After resuming work on the scaffold it progressed for about a half hour, when in manipulating the ropes to change the position of the scaffold between the third and fourth floors the rope on plaintiff's side of the scaffold parted, and he was thrown to the ground landing on a concrete platform, and received injuries. The rope fell to the platform, and was lying there, as testified by the witness Moore, when the two detectives of the Police Department arrived. They said that the rope did not appear to be cut, but was torn apart, and was in two pieces. They described the conditions of the two ends where the rope had parted, which they said clearly indicated that it had not been cut. These detectives were interested in seeing if there had been a violation of law.
One of the detectives, Thomas J. Devery, said that he examined the rope, which was black, and the break was uneven, irregular, shredded like, and one of the three strands of the rope was pulled tight, and looked as if it forced the other two strands uneven; that is, one strand would be pulled tight, and the other two would be buckled up, humped. Detective Joseph M. Burke testified that he also examined the rope when he arrived at defendant's building, and described its condition substantially the same as Detective Devery. He further testified that he talked with Mr. Grossman, while they were examining the rope, and that Mr. Grossman did not say to either of them that the rope had been cut, or that he suspected any sabotage.
The witness Scott, an officer of the defendant, testifying in its behalf, said that he did not inspect or handle the rope himself, but was present at the time the detectives inspected it, and stood about a foot away from them, from which point he observed that two strands of the rope were cut, and one had broken, but that he did not say to either detective, the rope had been cut.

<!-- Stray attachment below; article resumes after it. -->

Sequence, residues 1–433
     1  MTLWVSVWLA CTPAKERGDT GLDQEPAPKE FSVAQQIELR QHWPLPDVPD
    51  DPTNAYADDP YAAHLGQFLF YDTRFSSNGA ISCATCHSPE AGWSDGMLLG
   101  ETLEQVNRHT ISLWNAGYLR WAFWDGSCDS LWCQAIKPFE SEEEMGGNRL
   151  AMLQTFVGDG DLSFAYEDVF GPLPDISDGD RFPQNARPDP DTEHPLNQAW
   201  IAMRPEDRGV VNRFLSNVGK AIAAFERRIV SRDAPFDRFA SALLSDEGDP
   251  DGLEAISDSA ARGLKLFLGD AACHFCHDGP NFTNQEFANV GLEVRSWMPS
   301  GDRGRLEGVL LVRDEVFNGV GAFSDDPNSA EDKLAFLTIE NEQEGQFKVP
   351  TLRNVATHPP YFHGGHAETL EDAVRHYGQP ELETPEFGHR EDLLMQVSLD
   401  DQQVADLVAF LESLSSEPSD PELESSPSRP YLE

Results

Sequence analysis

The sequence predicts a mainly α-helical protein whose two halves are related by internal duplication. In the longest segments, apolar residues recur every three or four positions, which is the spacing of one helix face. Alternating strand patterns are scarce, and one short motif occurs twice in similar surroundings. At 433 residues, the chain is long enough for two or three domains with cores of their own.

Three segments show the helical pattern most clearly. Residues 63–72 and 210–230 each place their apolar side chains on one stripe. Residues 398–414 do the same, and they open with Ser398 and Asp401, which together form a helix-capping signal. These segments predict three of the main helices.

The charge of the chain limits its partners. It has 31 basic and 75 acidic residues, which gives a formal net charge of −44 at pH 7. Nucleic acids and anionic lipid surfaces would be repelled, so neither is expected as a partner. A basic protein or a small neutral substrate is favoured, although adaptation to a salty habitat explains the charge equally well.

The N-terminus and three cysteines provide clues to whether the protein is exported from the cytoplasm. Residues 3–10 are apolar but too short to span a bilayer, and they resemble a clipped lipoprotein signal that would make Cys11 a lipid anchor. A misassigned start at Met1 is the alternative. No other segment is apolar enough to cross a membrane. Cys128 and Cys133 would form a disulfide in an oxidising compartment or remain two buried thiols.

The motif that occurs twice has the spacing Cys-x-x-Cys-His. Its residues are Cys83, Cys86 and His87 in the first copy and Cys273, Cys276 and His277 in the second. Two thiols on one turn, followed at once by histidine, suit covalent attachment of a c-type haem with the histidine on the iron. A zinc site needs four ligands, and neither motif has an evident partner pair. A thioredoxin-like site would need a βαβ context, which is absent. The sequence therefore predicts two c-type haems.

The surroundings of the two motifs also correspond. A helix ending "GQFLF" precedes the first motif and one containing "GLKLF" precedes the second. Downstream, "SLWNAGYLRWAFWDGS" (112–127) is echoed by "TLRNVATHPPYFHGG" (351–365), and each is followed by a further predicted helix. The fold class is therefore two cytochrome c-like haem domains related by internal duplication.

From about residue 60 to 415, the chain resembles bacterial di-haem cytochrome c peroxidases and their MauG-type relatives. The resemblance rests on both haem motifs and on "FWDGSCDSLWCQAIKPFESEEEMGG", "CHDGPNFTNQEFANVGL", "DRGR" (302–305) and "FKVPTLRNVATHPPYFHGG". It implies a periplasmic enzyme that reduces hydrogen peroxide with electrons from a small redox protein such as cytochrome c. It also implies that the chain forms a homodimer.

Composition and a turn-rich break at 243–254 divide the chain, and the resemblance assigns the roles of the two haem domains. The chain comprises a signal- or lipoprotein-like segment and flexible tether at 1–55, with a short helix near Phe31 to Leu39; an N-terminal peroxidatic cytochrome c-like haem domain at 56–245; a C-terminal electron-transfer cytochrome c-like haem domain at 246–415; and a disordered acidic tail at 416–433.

There is some slight conflict between the testimony of the witness Scott, and the two detectives, and the Jury had the right to determine which story they would accept.
The detectives took the two pieces of rope to the Station House, both of which were at the left end of the scaffold, the end at which the plaintiff had worked, and put the rope on the floor of the record room, where Burke afterwards saw it many times, up to and during the week of September 4, 1938. Burke further testified that he called Grossman by the Telephone *111 number he had given him, and requested that the rope be called for and removed, and gave instructions that somebody would call for the rope, and if they properly identified themselves, to release the rope and get a receipt.
The rope was called for and a receipt taken.
The defendant offered the evidence of experts, who saw the rope in the record room at the Station House, and were of the opinion the rope had been cut. This conflict, however, in the evidence, was one for the decision of the Jury.
That the rope examined by the detectives was the rope that had been used on the scaffold, was testified to by the witness Moore, called by the plaintiff, who was a fellow worker on the scaffold with the plaintiff when it fell, and who saved himself by his hold upon the rope at the other end, which did not break. He was helped through a window into one of the lofts, started down stairs, and after the lapse of three or four minutes, arrived at the place where he found the plaintiff, and testified that the rope that had broken had fallen on the platform beside the plaintiff, and stayed there until the detectives came and took it away.